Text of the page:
Tuesday, May 31, 2016

Halal BBQ Cook Off and Festival: A Lookback

DISCLAIMER: This was the first time we had done this. If you are reading this and have attended the cook off before, please bear with us. We will definitely make an effort to make next year a more improved experience.

Salam/hey guys! So my masjid (Masjid al Mustafa on 17250 Coventry Park Drive, Houston, Texas() had hosted a BBQ Cook Off and carnival. This was the first time that there was ever a BBQ Cook Off with halal meat. And guess who came up with the rules and was inspired to start the idea? Me! So how did the idea come about?

Well, I was driving down on 290 one day near the I-10 exit, and I saw an advertisement for the BBQ Cook Off that was taking place at the rodeo. I knew that eating any food at the rodeo would be next to impossible because of the wide usage of pork and beer. I have been living in Houston for the past 10 years, and given that Texas is a major barbecue state, it was high time that we had our own halal version of it. Heck, there is even a Kosher chili cook off that occurs yearly too. The main objectives were to make the first one successful, make it a yearly thing, and also learn from past experiences running it. Before I came up with a plan and rule book that is similar to the one at the rodeo.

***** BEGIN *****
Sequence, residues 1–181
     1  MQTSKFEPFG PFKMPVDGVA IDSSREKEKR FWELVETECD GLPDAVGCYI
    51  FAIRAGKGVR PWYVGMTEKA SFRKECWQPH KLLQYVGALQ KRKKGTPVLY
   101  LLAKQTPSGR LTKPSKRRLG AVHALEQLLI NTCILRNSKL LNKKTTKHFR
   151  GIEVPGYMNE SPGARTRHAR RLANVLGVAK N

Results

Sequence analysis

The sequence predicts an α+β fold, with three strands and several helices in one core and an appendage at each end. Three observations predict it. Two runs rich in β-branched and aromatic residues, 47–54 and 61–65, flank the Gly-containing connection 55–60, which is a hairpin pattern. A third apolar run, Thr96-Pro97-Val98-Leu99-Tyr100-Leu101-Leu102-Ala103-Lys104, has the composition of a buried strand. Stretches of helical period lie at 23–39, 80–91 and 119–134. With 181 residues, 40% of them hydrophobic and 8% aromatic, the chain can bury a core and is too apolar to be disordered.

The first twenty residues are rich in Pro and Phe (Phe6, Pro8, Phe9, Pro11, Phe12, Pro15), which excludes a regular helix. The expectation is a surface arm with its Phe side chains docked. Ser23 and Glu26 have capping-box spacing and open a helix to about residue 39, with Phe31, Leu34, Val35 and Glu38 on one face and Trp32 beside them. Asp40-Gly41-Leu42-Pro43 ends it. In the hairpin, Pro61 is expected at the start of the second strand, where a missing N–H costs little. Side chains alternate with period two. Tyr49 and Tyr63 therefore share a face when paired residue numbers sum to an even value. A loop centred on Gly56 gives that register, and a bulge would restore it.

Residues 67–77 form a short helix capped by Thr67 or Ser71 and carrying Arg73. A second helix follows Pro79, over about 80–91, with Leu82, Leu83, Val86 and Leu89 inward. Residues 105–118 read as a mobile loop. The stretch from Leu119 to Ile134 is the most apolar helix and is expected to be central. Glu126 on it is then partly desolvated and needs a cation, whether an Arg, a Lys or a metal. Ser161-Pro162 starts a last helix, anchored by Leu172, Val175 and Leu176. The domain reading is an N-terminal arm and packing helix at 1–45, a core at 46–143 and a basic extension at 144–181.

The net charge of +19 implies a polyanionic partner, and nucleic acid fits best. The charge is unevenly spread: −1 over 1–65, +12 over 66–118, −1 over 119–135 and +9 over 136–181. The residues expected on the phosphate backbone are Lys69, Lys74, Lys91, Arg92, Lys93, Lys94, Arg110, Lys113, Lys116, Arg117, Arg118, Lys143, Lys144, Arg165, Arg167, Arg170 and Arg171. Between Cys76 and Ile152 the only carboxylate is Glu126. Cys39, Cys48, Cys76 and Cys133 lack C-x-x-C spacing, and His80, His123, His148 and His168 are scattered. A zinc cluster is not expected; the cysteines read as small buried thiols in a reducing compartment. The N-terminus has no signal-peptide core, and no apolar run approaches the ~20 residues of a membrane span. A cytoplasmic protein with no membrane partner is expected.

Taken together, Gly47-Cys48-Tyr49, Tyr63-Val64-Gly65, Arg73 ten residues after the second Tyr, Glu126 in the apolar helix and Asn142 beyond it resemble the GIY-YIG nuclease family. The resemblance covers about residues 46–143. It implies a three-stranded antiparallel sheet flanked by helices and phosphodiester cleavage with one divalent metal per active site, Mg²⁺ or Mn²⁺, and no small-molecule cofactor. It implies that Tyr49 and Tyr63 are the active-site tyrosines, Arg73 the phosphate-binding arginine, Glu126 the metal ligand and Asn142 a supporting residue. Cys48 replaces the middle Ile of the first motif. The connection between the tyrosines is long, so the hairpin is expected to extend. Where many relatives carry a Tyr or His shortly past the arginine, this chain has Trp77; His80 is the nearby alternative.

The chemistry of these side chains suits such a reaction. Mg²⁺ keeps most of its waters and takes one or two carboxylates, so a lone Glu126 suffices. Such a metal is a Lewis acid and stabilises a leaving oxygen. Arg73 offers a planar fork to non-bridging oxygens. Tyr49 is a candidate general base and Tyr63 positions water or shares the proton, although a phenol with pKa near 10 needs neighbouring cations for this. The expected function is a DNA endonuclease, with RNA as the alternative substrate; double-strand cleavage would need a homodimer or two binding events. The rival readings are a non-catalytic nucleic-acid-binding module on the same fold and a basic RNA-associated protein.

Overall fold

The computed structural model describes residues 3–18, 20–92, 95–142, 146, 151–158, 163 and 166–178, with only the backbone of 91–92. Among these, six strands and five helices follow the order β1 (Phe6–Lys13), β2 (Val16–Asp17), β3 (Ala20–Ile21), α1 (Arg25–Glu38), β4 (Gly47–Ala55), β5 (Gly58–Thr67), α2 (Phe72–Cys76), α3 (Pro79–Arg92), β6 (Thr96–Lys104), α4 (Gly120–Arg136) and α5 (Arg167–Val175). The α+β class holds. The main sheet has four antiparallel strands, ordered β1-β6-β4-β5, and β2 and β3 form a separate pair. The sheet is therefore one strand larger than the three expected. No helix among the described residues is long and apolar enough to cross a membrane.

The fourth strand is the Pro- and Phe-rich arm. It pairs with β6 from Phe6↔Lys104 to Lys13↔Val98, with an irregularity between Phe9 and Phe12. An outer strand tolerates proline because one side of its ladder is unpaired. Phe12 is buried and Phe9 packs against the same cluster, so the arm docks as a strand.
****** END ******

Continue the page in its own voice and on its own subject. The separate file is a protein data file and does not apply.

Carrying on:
The rules were simple, but made complicated during the competition. All meat had to be zabiha halal, and that there would be 3 categories: Texan, Desi, and Arab. All halal meats could be used. The gas had to be turned off if leaving otherwise the team would be disqualified. They had to have 5 lb of meat (later changed to at least 5 lb) for the cook off. With communication with the competitors, the rules would change later, mainly because I had not mentioned it earlier. Finally, I picked the judges.
After getting the rules approved, it was time to start planning. We collaborated the carnival with the cook off, meaning that there would be rides and other food as well. We got Gyro King to come along, as well as get things such as a mechanical bull, moonwalk, and rock climbing. It was also time to get the competitors. The sign up rate was going well, with spots filling up. Everything went smoothly until I announced a competitor fee. Because of backlash, I stopped it. I take responsibility for not announcing earlier. Then, people started backing out. I mainly communicated by email, because I did not feel comfortable giving my phone number away to the public. By the end of the deadline, 13 out of 15.
As the time progressed on the day of the event, there were many bumps. Many were not showing up, and they never informed me that they were not going to compete. Some backed out a few HOURS before the competition was about to start (which honestly is disrespectful). One brisket person was setting up already, and the judges arrived. The judges were Hasan Gopalani, a good friend of mine and a BBQ fanatic, and Alison Cook, the food critic of the Houston Chronicle (main newspaper of Houston). At the end, 5 competitors showed up. Gyro King also provided food for the public. The food in the community was also being sold. They had tikka, samosas, burgers, cotton candy, nachos, and sodas for sale.